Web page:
Program Highlights Accomplishments of Company's Chief Scientific Officer and Blastomere Program
The show profiled the lives of several people who are currently 100 years old or older and described some of the most promising scientific developments that could extend life. Advanced Cell Technology’s technology platform was included among the scientific breakthroughs.
In August 2006, Advanced Cell Technology reported in the journal Nature that company scientists had successfully generated hESCs using its blastomere technology, an approach that does not destroy the developmental potential of embryos. The blastomere technology has been reproduced and peer-reviewed on several occasions. In June 2007, ACT announced at the fifth annual meeting of the International Society for Stem Cell Research in Cairns, Australia, that it had reproduced its work by successfully producing an hESC line without destroying an embryo at its lab in Worcester, Massachusetts.
In January 2008, ACT together with colleagues announced the development of five hESC lines without the destruction of embryos. The method was published in the journal Cell Stem Cells, published by Cell Press. The peer-reviewed technique was initially carried out by ACT scientists under the direction of Dr. Lanza and then independently replicated by scientists on the West Coast. In addition, the NIH announced in 2007 that it would begin implementing President George W. Bush’s Executive Order to explore methods to expand the number of approved pluripotent stem cell lines “without creating a human embryo for research purposes or destroying, discarding, or subjecting to harm a human embryo or fetus.” ACT’s blastomere program was cited by the NIH as an alternative method in its implementation plan; therefore, should the company’s blastomere technique satisfy NIH qualifications, ACT could qualify for federal funding from the NIH.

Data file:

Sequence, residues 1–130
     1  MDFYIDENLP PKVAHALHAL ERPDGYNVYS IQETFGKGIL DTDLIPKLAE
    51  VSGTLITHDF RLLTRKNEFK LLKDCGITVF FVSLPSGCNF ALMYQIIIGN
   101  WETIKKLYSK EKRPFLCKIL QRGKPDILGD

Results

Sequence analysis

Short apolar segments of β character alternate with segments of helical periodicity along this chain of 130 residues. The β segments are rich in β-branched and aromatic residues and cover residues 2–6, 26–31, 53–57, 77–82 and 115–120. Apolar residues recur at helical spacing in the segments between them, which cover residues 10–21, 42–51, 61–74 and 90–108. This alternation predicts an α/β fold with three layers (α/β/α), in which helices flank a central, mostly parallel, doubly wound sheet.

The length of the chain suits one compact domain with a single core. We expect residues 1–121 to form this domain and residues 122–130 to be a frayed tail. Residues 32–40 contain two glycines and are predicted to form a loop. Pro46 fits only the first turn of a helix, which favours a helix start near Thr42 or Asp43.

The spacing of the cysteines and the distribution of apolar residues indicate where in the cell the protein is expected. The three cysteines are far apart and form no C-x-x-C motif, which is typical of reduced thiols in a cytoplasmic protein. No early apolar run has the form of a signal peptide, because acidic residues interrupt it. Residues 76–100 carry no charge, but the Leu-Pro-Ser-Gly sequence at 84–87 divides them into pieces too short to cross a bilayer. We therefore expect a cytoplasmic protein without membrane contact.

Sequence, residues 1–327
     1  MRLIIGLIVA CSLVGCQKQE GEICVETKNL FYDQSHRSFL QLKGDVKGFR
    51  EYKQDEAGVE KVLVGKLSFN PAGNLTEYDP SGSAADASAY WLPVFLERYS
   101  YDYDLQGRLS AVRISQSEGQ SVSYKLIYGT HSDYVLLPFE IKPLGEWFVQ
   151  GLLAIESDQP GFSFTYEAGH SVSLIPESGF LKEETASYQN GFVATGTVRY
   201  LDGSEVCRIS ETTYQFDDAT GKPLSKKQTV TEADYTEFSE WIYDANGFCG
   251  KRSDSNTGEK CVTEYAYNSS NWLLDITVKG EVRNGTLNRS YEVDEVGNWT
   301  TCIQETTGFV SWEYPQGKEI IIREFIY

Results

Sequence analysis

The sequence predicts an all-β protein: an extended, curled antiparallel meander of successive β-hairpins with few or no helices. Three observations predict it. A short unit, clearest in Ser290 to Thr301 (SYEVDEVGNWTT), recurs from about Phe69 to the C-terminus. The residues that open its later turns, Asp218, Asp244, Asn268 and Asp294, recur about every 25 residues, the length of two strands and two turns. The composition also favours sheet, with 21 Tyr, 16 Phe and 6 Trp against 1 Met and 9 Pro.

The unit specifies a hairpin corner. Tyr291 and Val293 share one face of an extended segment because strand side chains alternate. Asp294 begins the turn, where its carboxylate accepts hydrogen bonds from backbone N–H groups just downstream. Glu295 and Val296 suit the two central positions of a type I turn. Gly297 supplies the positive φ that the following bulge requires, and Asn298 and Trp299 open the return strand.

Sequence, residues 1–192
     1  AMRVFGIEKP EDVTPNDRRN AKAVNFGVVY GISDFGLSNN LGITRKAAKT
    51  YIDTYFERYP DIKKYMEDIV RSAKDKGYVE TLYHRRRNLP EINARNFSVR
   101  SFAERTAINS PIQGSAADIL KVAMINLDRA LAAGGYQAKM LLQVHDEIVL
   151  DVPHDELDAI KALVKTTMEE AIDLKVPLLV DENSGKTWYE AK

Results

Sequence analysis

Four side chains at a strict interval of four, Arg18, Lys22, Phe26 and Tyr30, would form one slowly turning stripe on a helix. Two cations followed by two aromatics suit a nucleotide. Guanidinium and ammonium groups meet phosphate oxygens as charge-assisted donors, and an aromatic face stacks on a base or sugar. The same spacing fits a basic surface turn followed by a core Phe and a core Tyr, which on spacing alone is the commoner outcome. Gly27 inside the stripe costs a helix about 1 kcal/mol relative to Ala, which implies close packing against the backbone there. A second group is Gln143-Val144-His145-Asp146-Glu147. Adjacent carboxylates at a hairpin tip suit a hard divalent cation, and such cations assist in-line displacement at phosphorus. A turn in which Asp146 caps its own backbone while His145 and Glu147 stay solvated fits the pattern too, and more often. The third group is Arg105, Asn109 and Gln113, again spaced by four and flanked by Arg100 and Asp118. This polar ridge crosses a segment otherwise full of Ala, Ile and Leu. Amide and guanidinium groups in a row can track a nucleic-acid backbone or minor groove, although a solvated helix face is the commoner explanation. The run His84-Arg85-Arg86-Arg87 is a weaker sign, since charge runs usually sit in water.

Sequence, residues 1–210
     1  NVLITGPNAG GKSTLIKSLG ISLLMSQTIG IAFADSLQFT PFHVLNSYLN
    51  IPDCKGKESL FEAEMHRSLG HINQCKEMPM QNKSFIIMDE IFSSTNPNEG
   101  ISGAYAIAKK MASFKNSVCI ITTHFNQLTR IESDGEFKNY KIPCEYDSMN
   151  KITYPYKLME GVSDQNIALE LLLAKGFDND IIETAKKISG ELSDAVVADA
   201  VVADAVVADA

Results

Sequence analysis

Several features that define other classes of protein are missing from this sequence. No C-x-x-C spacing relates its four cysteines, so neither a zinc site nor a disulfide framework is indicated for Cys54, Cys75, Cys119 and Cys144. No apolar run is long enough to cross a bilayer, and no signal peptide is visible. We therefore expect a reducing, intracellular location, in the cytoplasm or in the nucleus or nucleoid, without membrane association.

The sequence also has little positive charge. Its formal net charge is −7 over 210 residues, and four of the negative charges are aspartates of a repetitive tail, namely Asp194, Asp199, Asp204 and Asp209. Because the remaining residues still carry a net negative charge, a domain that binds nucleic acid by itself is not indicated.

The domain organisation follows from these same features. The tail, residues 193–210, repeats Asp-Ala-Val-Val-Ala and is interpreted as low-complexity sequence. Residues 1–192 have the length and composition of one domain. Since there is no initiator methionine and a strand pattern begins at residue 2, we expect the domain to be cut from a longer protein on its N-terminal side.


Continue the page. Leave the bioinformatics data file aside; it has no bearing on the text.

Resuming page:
In addition to its blastomere research platform, Advanced Cell Technology has made progress on the therapeutic front. ACT published positive data in the journal NATURE Methods for its HG (hemangioblast) cell program for the treatment of blood and cardiovascular diseases. The company published positive data from animal studies for its RPE (retinal pigment epithelial) cell program for the treatment of retinal degenerative disorders completed in collaboration with the Casey Eye Institute at Oregon Health and Science University.
Finally, ACT’s Myoblast program, an autologous adult stem cell therapy for the treatment of heart disease, has successfully completed four Phase I clinical trials and has clearance from the FDA to begin Phase II trials shortly.